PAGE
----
15.4 WHEN AND HOW COORDINATION OF BENEFITS (COB) APPLIES
For the purposes of Coordination of Benefits, the word “plan” refers to any group or nongroup health care policy, HMO, contract or plan, whether insured or self-insured, that provides benefits payable on account of expenses incurred by the Participant or that provides services to the Participant.
Many families that have more than one family member working are covered by more than one health care plan.
Advise the Administrative Office if you have other insurance. If you don’t notify the Administrative Office of other insurance, they will be unable to coordinate benefits; this could result in loss of benefits or an overpayment on your claim that you must repay to the Trust. If the other coverage terminates, please notify the Administrative Office and provide them with the date of termination.
Coordination of Benefits generally operates so that one of the plans (called the primary plan) will pay its benefits first, without considering whether the other plan may cover some expenses. The other plan, (called the secondary plan) may then pay additional benefits. In no event will the combined benefits of the primary and secondary plans exceed 100% of the allowable Expenses incurred. Sometimes, the combined benefits that are paid will be less than total allowable Expenses.
Which Plan Pays First – Order of Benefit Determination Rules
Group plans determine the sequence in which they pay benefits, or which plan pays first, by applying uniform “order of benefit determination” rules in a specific sequence. This Plan uses the order of benefit determination rules established by the National Association of Insurance Commissioners (NAIC) and which are commonly used by insured and self-insured plans.
Any group plan that does not use these same rules always pays its benefits first. If the first rule does not establish a sequence or order of benefits, the next rule is applied, and so on, until an order of benefits is established. The rules are:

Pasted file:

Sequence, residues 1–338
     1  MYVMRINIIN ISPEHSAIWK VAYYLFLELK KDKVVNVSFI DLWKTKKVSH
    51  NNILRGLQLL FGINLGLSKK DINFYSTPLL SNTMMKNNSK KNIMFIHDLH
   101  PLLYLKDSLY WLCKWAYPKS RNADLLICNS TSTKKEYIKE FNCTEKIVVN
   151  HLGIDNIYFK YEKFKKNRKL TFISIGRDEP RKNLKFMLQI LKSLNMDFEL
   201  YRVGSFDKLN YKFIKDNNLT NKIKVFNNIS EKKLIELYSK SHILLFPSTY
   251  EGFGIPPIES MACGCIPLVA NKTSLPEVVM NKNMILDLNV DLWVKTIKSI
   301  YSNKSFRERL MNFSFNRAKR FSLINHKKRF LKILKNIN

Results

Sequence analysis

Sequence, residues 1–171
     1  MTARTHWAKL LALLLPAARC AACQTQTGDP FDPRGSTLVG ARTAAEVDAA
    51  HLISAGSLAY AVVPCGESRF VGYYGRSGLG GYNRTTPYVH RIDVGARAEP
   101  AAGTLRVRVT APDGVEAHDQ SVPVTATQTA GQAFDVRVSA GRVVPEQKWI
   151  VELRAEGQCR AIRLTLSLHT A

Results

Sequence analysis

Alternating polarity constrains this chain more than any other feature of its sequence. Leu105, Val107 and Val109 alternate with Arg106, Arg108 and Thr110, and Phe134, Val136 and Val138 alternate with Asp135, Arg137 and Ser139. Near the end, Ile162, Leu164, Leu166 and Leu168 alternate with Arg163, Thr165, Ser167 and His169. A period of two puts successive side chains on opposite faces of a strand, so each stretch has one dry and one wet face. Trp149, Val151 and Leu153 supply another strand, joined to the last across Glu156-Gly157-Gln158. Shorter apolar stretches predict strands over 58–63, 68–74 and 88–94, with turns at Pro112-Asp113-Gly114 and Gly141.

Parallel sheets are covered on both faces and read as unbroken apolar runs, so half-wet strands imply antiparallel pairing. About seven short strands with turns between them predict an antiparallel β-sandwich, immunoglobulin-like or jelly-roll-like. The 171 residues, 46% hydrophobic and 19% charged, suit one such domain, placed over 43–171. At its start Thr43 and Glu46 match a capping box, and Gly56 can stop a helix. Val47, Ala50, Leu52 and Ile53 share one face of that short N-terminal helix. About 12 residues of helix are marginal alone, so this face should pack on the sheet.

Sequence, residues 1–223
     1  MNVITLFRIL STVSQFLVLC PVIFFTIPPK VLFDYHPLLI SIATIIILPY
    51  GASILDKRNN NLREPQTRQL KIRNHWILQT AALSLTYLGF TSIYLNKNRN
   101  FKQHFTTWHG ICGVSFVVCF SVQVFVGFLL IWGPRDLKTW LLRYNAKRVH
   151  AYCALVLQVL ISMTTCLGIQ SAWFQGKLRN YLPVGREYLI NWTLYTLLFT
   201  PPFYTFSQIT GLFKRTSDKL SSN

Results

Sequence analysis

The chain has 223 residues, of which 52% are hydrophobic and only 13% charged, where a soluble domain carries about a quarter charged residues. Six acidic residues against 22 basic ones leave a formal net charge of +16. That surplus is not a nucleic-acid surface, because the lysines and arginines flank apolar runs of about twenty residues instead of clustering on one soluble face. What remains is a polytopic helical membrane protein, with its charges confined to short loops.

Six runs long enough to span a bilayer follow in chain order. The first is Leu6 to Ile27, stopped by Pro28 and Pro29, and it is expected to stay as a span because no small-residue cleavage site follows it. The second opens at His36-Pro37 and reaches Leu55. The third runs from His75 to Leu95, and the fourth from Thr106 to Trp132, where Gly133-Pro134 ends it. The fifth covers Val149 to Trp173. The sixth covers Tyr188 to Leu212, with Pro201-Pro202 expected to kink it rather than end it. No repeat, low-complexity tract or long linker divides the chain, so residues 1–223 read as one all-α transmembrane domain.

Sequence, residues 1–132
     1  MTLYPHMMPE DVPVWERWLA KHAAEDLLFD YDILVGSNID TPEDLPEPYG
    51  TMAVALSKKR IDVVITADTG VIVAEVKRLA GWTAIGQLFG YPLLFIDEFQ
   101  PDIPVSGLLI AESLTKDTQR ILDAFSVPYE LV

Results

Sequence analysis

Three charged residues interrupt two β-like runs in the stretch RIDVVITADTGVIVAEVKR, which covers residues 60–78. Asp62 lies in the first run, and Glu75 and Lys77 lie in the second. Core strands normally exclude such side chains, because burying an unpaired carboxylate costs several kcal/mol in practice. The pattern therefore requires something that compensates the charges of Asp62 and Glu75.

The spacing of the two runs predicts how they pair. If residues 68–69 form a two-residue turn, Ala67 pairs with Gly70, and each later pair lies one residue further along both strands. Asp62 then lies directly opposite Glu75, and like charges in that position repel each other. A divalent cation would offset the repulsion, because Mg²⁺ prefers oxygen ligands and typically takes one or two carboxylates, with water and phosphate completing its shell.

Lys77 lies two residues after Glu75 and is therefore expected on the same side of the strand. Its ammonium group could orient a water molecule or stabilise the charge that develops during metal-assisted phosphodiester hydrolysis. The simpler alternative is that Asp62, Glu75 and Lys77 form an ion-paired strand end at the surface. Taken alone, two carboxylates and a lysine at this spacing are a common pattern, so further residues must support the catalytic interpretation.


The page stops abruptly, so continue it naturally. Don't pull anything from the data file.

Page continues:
Rule 1: Employee/Dependent
The plan that covers a person as an employee, member or subscriber (that is, other than as a dependent) pays first (is the “primary plan”). The plan that covers that same person as a dependent pays second (is the “secondary plan”).
Rule 2: Dependent Child Covered Under More Than One Plan
The plan that covers the parent whose Birthday falls earlier in the calendar year pays first; and the plan that covers the parent whose Birthday falls later in the calendar year pays second, if:
- the parents are married or are living together; or
- a court decree awards joint custody without specifying that one parent has the responsibility to provide health care coverage for the child or states that both parents are jointly responsible to provide coverage.
If the above “Birthday Rule” applies and both parents have the same Birthday, the plan that has covered one of the parents for a longer period of time pays first, and the other plan pays second.
If the specific terms of a court decree state that one parent is responsible for the child’s health care expenses or health care coverage, and the plan of that parent has actual knowledge of the terms of that court decree, that plan pays first. If the parent with financial responsibility has no coverage for the child’s health care services or expenses, but that parent’s current spouse does, the plan of the spouse of the parent with financial responsibility pays first.
If the parents are not married or are separated (whether or not they ever were married), or are divorced, and there is no court decree allocating responsibility for the child’s health care services or expenses, the order of benefits is:
- The plan of the custodial parent pays first;
- The plan of the spouse of the custodial parent pays second;